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Instrument Flying Handbook
Navigation Systems
Traditional Navigation Systems

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Instrument Flying


Table of Contents

Chapter 1. Human Factors
Chapter 2. Aerodynamic Factors
Chapter 3. Flight Instruments
Chapter 4. Section I
Airplane Attitude Instrument
Using Analog Instrumentation
Chapter 4. Section II
Airplane Attitude Instrument
Using an Electronic Flight

Chapter 5. Section I
Airplane Basic
Flight Maneuvers
Using Analog Instrumentation
Chapter 5. Section II
Airplane Basic
Flight Maneuvers
Using an Electronic Flight

Chapter 6. Helicopter
Attitude Instrument Flying

Chapter 7. Navigation Systems
Chapter 8. The National
Airspace System

Chapter 9. The Air Traffic
Control System

Chapter 10. IFR Flight
Chapter 11. Emergency

VOR Transmitter (Ground Station),
Figure 7-11. VOR Transmitter (Ground Station),

MHz is in even-tenth increments to preclude any conflict
with ILS localizer frequency assignment, which uses the
odd tenths in this range.

The airborne equipment includes an antenna, a receiver, and
the indicator instrument. The receiver has a frequency knob to
select any of the frequencies between 108.0 to 117.95 MHz.
The On/Off/volume control turns on the navigation receiver
and controls the audio volume. The volume has no effect on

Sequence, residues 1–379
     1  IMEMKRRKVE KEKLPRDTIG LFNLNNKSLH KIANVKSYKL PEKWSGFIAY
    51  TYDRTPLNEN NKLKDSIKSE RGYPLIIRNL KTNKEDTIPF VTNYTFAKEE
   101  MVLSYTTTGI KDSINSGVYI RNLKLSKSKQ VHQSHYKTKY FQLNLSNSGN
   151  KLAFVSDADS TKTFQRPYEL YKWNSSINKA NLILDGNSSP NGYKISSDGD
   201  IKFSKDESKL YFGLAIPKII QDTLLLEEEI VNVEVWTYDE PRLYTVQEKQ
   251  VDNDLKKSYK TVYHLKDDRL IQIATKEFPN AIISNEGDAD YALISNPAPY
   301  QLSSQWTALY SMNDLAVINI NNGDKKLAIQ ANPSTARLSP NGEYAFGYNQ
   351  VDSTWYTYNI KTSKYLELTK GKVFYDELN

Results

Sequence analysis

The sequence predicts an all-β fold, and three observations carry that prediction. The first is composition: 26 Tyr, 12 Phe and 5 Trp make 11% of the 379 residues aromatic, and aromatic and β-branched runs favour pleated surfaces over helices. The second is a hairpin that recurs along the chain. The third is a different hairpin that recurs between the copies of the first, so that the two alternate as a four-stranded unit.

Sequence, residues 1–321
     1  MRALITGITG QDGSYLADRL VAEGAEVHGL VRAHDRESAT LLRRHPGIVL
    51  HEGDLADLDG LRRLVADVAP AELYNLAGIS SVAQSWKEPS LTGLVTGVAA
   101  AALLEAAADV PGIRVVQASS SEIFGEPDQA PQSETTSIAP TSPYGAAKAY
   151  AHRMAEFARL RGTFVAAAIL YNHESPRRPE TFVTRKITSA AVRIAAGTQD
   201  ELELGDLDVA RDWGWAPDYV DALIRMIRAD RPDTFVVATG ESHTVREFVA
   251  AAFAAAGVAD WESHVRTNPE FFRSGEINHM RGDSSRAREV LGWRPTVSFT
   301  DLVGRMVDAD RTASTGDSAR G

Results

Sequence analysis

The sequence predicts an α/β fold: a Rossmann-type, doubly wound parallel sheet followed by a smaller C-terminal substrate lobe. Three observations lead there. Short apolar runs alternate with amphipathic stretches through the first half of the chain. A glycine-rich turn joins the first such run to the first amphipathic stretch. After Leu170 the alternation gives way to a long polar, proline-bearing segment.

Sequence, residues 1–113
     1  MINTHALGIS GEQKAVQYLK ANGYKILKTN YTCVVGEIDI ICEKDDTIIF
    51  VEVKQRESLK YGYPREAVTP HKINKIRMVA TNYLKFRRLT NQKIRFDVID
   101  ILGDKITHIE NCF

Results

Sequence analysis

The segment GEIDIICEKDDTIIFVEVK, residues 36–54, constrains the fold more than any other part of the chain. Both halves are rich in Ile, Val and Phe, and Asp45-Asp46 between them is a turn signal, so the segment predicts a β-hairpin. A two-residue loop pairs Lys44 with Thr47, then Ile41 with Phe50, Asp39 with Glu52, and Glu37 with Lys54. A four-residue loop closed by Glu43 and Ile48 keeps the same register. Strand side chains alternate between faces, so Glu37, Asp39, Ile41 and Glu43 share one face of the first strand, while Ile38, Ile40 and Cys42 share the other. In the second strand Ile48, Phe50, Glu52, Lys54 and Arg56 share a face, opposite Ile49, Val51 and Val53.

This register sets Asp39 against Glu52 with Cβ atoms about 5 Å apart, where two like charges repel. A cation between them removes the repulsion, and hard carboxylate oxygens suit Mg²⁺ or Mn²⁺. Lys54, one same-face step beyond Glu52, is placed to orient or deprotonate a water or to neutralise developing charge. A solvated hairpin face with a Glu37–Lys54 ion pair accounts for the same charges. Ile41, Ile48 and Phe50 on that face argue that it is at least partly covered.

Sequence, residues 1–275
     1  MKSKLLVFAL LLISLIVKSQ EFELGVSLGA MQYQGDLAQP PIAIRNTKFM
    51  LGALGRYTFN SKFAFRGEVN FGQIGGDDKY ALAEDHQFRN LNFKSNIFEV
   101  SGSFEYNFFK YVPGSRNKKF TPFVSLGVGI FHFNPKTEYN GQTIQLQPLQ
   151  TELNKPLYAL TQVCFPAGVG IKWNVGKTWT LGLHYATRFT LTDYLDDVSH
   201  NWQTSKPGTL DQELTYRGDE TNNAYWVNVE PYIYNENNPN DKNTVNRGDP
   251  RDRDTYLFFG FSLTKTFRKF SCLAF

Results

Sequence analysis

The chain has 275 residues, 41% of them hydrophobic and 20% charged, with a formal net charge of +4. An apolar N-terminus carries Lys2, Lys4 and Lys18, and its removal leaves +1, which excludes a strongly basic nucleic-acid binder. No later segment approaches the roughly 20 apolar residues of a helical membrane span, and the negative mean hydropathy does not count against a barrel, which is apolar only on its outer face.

the operation of the receiver. You should listen to the station
identifier before relying on the instrument for navigation.

VOR indicator instruments have at least the essential
components shown in the instrument illustrated in
Figure 7-12.

The VOR indicator instrument.
The VOR indicator instrument.


Omnibearing Selector (OBS)
The desired course is selected by turning the OBS knob until
the course is aligned with the course index mark or displayed
in the course window.

Course Deviation Indicator (CDI)
The deviation indicator is composed of an instrument face
and a needle hinged to~ move laterally across the instrument
face. The needle centers when the aircraft is on the selected
radial or its reciprocal. Full needle deflection from the center
position to either side of the dial indicate the aircraft is 12°
or more off course, assuming normal needle sensitivity. The
outer edge of the center circle is 2° off course; with each dot
representing an additional! 2°.

To/FROM Indicator
The TO/FROM indicator shows whether the selected course
if intercepted and flown will take the aircraft TO or FROM
the station. it does not indicate whether the aircraft is heading
to or from the station.

Flags or Other Signal Strength Indicators
The device that indicates a usable or an unreliable signal may
be an "OFF" flag. it retracts from view when signal strength
is sufficient for reliable instrument indications. Alternately,
insufficient signal strength may be indicated by a blank or
OFF in the TO/FROM window.

The indicator instrument may also be a horizontal situation
indicator (HSI), which combines the heading indicator
and CDI. [Figure 7-13] The combination of navigation
information from VOR/Localizer (LOC) or from LORAN
or GPS, with aircraft heading information provides a visual
picture of the aircraft's location and direction. This decreases
pilot workload especially with tasks such as course intercepts.
flying a back-course approach, or holding pattern entry. (See
Chapter 3, Flight Instruments, for operational characteristics.)
[Figure 744]

A Typical Horizontal Situation Indicator (HSI).
Figure 7-13. A Typical Horizontal Situation Indicator (HSI).